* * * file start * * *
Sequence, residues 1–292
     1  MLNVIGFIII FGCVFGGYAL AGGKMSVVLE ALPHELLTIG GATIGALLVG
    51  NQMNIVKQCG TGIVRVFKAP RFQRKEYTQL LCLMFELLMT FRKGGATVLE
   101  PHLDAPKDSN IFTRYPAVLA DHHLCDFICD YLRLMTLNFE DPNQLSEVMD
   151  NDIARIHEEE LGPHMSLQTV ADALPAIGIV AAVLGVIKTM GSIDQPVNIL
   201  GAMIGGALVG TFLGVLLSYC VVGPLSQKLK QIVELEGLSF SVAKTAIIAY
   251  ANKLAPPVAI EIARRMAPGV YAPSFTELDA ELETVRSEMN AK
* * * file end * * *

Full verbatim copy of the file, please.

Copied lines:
Sequence, residues 1–292
     1  MLNVIGFIII FGCVFGGYAL AGGKMSVVLE ALPHELLTIG GATIGALLVG
    51  NQMNIVKQCG TGIVRVFKAP RFQRKEYTQL LCLMFELLMT FRKGGATVLE
   101  PHLDAPKDSN IFTRYPAVLA DHHLCDFICD YLRLMTLNFE DPNQLSEVMD
   151  NDIARIHEEE LGPHMSLQTV ADALPAIGIV AAVLGVIKTM GSIDQPVNIL
   201  GAMIGGALVG TFLGVLLSYC VVGPLSQKLK QIVELEGLSF SVAKTAIIAY
   251  ANKLAPPVAI EIARRMAPGV YAPSFTELDA ELETVRSEMN AK